The District plans to open six emergency child-care facilities Thursday to serve the children of health-care workers during the coronavirus crisis, city officials said.

The sites can accommodate 250 children up to age 12 and are strategically located near hospitals and the homes of health-care workers.

Hanseul Kang, the District’s superintendent for education, said the city is working with hospitals and health-care facilities to identify qualifying families. At least 75 children are expected to attend opening day.

The city hopes to expand the program in the coming weeks, Kang said. The expanded program would also aim to serve health-care employees who work nights and weekends.

“We’re really pleased to be able to provide greater child-care support so our health-care workforce can focus on the work that we all need them to be doing right now,” Kang said at a news conference this week.

The emergency facilities arrive as child-care centers across the country have shut down amid the coronavirus crisis, leaving families scrambling for alternatives. The problem is particularly acute among health-care workers who are on the front lines of treating coronavirus patients and are required to go to work each day.

Officials across the region are searching for solutions. Maryland State Superintendent of Schools Karen Salmon said the state has identified slots for more than 1,200 children of essential personnel across the state at YMCAs, libraries, recreation enters and other facilities. Salmon said she hopes to double the capacity. But some county executives have questioned how many more slots are needed and criticized the state for not using vacant public schools to house the emergency facilities.

Anne Arundel County Executive Steuart Pittman (D) said in an interview last week that officials were shocked when the state schools superintendent rejected the use of schools in any plans. He said the county executives have helped the state find the alternate sites.

“We’re moving on,” Pittman said. “We had a plan that we thought would have gotten us opened up by today.”

In Virginia, leaders have acknowledged the need for emergency child care but have not yet announced a plan to offer it.

As the District speeds forward, Kang said, the facilities will take extra precautions to ensure the they remain safe. Children and staff will have temperature checks before entering. The class sizes will be smaller than in typical child-care centers. They’ll be cleaned more often. Entry and exit times will be staggered.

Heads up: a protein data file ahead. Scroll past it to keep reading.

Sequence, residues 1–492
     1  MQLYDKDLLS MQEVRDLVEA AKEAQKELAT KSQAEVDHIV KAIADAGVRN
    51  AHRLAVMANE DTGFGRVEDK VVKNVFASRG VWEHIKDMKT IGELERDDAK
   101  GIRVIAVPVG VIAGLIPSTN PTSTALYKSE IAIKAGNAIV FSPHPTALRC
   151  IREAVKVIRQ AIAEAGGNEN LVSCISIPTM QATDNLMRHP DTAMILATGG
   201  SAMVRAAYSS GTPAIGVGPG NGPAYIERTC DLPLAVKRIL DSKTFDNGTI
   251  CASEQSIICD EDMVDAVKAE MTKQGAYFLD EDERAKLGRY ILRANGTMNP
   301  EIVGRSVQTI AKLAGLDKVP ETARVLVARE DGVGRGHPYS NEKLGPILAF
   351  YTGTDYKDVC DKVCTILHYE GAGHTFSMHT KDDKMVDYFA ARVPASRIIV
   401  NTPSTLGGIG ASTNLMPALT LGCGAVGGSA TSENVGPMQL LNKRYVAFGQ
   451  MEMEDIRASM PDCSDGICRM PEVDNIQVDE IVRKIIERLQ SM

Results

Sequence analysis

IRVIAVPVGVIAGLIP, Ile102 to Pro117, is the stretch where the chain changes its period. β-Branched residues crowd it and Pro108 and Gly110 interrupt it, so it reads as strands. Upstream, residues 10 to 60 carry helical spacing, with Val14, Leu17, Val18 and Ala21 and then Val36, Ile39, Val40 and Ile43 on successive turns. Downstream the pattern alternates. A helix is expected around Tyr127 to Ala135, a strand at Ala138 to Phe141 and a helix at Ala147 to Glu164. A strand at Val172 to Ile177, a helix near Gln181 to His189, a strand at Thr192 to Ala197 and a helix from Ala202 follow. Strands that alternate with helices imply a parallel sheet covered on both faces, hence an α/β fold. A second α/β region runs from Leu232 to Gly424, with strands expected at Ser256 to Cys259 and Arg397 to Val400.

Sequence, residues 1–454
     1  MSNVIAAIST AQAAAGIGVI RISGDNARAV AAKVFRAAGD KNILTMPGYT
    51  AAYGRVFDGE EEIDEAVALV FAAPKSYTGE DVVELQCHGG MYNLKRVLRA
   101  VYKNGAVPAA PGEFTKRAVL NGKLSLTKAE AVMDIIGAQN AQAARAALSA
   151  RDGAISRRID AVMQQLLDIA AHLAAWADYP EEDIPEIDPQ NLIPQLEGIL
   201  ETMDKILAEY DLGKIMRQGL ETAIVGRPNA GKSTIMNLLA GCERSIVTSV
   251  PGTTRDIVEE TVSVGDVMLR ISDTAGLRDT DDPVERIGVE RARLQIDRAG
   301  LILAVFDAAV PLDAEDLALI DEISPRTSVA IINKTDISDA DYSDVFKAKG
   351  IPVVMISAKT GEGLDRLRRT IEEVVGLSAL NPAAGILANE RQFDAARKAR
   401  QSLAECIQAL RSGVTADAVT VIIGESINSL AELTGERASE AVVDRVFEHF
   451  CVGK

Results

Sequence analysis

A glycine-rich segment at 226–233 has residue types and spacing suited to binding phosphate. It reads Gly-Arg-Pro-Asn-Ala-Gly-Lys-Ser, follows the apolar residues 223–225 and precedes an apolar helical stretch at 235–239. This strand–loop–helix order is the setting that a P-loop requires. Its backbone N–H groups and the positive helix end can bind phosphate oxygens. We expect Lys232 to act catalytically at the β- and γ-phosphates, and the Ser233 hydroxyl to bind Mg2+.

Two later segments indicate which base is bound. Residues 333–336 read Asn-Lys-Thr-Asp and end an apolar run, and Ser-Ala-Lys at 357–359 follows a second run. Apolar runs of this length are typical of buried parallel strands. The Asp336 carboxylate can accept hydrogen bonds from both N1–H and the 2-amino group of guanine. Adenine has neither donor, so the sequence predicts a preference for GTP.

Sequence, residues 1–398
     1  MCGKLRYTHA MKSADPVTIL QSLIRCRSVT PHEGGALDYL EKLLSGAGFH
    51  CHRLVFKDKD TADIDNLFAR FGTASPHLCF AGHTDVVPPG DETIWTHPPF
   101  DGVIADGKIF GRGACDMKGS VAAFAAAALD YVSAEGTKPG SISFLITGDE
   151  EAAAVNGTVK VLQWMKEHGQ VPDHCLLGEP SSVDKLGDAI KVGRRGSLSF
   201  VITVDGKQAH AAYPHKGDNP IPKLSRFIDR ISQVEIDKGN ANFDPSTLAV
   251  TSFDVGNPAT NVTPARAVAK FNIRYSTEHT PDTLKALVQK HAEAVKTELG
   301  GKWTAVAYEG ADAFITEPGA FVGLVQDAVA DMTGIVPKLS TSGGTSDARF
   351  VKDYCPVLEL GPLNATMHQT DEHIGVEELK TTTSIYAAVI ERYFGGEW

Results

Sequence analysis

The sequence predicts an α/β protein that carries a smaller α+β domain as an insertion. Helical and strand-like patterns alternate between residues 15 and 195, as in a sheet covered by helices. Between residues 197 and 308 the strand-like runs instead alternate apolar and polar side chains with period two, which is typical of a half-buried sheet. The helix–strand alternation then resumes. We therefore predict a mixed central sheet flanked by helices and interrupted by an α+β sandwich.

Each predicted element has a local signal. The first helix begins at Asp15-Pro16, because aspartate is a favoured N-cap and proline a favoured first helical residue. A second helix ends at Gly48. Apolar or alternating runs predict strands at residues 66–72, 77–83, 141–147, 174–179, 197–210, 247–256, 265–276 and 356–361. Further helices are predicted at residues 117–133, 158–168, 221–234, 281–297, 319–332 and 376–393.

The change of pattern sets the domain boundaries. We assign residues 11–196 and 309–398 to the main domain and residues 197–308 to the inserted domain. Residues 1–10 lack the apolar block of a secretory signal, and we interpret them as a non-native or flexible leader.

Five of the six day-care sites will be located in school buildings: Ballou High, Marie Reed Elementary, Noyes Elementary, School Without Walls at Francis Stevens and Simon Elementary. The sixth site will be at the United Planning Organization (UPO) Edgewood Child Development Center.

They will be run by child-care providers that already operate within D.C. Public Schools. UPO, which already runs day cares in city school buildings, will run the city’s emergency sites for children up to age 3. AlphaBest and Champions, which run before- and after-school programs, will run the emergency care for older children.

“We felt these operators had the capacity to move quickly and stand this up,” Kang said in an interview Wednesday. “This is a new operation for all if us, so we wanted to work with the providers that could help us meet this need as quickly as possible.” 

Kang said the emergency facilities would be paid between $100 and $150 per day per child, with the city paying most or all of those costs, depending on families’ income levels.

The need for emergency care has grown as child-care providers across the region have shuttered. D.C. Mayor Muriel E. Bowser (D) has not forced child-care providers to close, but she has recommended that the city’s 471 privately operated facilities close on the same schedule as public schools. (The District’s public schools are currently scheduled to reopen on April 27.) More than 400 child-care facilities have closed.

Angelique Speight-Marshall, who has operated Miss P’s Daycare out of her Northwest Washington home for two decades, is one of the few facilities to remain open. She said many of her clients work in health care and need to go to work.

She takes the temperatures of children before they enter and prohibits them from attending if they have a cold. She said she has considered closing for her relatives’ safety, but she said her clients need child care.

“The reason why I stayed open is because I have health-care workers,” Speight-Marshall said. “I said I was trying to close on Monday, but they’ve been begging on me to stay open, and I want to help them. I really do.”